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The 4-Step Cybersecurity Framework Process: What It Is and How You Can Leverage It to Grow Your Security Practice

Posted by Marshall Hall on Sep 25, 2017 12:00:00 PM

Cybersecurity is discussed at such a high level that there typically isn’t a clear roadmap for businesses to follow to secure their workplace. Most companies are aware of the need to address security concerns, but taking concise actions to mitigate risk can seem overwhelming. What's missing in the cybersecurity discussion is a clear, holistic identification of the risks and actionable steps that can be taken to mitigate these risks. 

Without a comprehensive understanding of cybersecurity risks, the customer is essentially throwing a dart at a list of products and choosing what they think will work. Many times the discussion of what works for a company is sidetracked into a conversation about price and vendor reputation, without an understanding of what should be the primary consideration –­ does the proposed solution mitigate the risk in an efficient manner?

To help your customers put an actionable plan in place, leverage our 4-step cybersecurity framework. 

The Cybersecurity Framework

The framework process is:

  1. Risk identification and assessment
  2. Identify, choose and deploy hardware and software
  3. Penetration testing
  4. Continuous monitoring

Risk Identification and Assessment 

Risk identification and assessment entails the analysis of breach reports from the past two years to identify common patterns and determine potential risks. 

Once the customer identifies the risk, they will need to associate a value for the assets affected by that risk. This value helps benchmark cybersecurity expenses and determine return on investment (ROI). Other key metrics to consider are the chance of the risk happening (expressed as a percentage), and the probability of the risk happening on an annual basis. Your customer can calculate these values in the standard risk assessment formula to ensure that most risks are accounted for and addressed within time and budget constraints.

Single Loss Expectancy (SLE) = Asset Value (AV) * Effective Risk (ER)

Annual Loss Expectancy (ALE) = SLE * Annual Rate of Occurrence (ARO)

An experienced security professional is highly recommended to perform this step of the framework.

Identify, Choose and Deploy Hardware and Software

Once the Annual Loss Expectancy (ALE) is calculated, your customer can begin evaluating security hardware and software options. They’ll need to compare the ALE value with the cost of the proposed solution to determine if the ROI makes sense. If the proposed solution exceeds the ALE, the general rule is to consider a different solution. The customer may decide not to take action because the proposed solution is significantly more than the ALE.

The hardware and software deployment would happen soon after the products that align with ALE and mitigate the identified risks are selected.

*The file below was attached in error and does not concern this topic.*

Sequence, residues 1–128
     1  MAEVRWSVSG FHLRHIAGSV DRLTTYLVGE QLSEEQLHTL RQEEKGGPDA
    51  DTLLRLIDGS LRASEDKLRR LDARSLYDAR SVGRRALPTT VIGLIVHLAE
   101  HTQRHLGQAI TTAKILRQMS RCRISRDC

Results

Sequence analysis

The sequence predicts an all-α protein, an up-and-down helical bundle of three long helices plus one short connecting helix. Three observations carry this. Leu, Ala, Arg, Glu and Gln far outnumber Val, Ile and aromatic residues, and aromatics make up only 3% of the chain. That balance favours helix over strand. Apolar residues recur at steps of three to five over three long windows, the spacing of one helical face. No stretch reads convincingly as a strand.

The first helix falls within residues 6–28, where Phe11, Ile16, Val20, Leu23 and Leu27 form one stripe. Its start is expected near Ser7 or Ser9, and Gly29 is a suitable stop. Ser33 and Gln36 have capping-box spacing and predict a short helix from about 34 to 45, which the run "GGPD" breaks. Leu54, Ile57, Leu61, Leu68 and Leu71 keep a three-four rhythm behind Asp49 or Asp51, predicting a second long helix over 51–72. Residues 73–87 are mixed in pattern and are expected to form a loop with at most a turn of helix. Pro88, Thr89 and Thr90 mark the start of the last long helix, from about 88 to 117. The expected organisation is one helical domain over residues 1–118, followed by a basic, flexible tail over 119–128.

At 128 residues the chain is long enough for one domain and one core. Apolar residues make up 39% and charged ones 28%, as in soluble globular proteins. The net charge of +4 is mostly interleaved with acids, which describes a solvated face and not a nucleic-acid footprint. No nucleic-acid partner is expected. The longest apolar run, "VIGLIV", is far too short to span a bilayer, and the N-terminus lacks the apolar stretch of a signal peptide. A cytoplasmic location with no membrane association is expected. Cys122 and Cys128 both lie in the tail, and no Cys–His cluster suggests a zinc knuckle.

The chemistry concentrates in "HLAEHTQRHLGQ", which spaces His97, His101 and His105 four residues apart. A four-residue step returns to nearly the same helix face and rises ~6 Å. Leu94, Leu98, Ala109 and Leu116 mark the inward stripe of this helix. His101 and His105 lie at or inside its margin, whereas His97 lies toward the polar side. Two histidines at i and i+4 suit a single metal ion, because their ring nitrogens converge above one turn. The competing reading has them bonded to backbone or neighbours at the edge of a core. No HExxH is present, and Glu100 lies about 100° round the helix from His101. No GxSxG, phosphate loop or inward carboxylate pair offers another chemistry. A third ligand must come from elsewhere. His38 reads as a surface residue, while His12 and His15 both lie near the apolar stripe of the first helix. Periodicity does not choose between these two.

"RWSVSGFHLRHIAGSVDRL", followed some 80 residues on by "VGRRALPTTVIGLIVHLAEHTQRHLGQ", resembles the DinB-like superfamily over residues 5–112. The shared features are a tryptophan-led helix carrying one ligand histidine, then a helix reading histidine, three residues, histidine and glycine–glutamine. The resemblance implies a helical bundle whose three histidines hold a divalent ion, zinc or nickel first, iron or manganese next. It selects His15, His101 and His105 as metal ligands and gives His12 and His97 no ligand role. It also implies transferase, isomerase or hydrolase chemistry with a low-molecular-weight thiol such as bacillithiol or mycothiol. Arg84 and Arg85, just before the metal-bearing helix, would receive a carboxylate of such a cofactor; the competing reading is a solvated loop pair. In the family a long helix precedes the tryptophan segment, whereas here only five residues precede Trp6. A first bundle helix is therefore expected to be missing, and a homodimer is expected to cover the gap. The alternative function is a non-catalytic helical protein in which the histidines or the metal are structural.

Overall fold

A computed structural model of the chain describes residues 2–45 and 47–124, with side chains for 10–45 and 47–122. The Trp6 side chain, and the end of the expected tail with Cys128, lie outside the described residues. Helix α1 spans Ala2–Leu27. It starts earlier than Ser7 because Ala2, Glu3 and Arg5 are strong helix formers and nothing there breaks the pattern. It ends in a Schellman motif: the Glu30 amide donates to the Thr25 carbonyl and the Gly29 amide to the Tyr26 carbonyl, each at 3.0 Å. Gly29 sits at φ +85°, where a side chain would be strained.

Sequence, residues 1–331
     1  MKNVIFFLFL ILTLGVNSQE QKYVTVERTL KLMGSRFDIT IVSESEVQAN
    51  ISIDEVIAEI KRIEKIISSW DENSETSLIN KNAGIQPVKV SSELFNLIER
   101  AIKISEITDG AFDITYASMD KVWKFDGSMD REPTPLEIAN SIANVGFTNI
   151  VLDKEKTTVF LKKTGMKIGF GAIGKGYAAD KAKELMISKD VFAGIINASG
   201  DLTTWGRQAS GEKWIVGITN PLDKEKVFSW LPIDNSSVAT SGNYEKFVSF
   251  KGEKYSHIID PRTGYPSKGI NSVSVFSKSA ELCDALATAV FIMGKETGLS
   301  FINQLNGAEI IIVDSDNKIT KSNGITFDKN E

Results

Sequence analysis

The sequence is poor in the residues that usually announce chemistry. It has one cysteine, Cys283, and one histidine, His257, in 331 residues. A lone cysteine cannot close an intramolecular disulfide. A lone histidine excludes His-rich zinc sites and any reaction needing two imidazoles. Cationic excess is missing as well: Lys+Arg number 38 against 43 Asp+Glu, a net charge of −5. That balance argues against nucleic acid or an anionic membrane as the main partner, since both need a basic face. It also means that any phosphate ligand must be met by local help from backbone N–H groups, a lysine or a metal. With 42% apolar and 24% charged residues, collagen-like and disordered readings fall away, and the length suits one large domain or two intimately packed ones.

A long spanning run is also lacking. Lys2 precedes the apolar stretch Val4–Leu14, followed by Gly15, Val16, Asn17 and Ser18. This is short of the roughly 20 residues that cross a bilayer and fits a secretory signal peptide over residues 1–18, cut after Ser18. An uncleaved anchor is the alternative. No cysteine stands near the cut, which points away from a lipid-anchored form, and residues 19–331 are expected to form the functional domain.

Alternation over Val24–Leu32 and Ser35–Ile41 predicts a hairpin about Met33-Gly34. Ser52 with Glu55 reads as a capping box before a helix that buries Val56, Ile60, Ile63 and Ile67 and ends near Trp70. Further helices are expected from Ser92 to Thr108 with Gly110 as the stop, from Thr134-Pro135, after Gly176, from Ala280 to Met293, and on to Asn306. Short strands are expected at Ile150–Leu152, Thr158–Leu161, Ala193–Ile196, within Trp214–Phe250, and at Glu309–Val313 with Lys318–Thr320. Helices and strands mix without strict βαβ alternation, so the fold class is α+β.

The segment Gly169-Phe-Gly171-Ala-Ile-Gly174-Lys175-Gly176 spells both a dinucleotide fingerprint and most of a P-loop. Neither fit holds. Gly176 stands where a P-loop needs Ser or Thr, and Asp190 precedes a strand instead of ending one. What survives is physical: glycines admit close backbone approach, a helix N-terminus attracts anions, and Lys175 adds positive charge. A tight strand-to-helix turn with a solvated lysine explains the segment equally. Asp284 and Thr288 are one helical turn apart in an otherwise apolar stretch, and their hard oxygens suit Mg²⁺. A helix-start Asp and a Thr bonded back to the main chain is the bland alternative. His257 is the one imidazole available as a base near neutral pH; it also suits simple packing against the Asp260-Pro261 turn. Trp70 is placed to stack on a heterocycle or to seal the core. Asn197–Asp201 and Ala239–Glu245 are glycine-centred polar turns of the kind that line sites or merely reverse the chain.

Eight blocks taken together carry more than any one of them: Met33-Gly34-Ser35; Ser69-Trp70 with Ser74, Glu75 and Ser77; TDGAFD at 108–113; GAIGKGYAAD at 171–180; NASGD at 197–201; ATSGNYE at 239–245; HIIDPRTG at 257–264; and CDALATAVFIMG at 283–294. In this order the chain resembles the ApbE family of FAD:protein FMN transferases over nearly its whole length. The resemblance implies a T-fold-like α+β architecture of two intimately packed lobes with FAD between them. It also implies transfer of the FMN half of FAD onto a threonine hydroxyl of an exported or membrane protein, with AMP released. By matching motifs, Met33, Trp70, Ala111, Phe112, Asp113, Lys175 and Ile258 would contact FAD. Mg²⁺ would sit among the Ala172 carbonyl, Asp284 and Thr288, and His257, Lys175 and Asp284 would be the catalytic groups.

Penetration Testing

The basic goal of penetration testing is to ensure that the deployed solution is actually performing the intended security function. The level of testing can range from very simple testing with command line or automated tools, to very complex testing where a team uses various techniques to defeat the security solution. Many companies struggle with this step for the following reasons:

  1. Lack of internal expertise to effectively perform the testing
  2. Lack of employees to focus on testing
  3. Outside expertise is expensive

These challenges lead many companies to do minimal testing with internal resources who lack the expertise to do effective testing or skip this step altogether. Minimal testing provides a false sense of security for these companies. In fact, the lack of comprehensive testing was evident in many of the known breaches where the company had deployed several security tools, but the tools did not work as expected.

Continuous Monitoring

The last step of our security process is continuous monitoring. You can think about continuous monitoring as an extension of the previous step of testing. This step involves constantly monitoring the security hardware and software deployed to ensure it is working as intended. 

You can also use continuous monitoring to identify changes in how internal users are leveraging network resources as well as how external actors are attempting to breach your network. Much like testing, many companies lack the expertise and employee resources to effectively track the amount of data that needs to be analyzed. 

This leads to situations where the security hardware and software is working properly, but requires human intervention to take corrective action to prevent a breach or data loss. The absence of human intervention is perhaps the most common reason why breaches happen in companies where they have deployed security hardware and software.

Help your customers avoid security risks. Learn more about the cybersecurity framework or security solutions for your customers by contacting a member of the Tech Data Security and Information Management team today at securityservices@techdata.com.

Tags: Security, Cybersecurity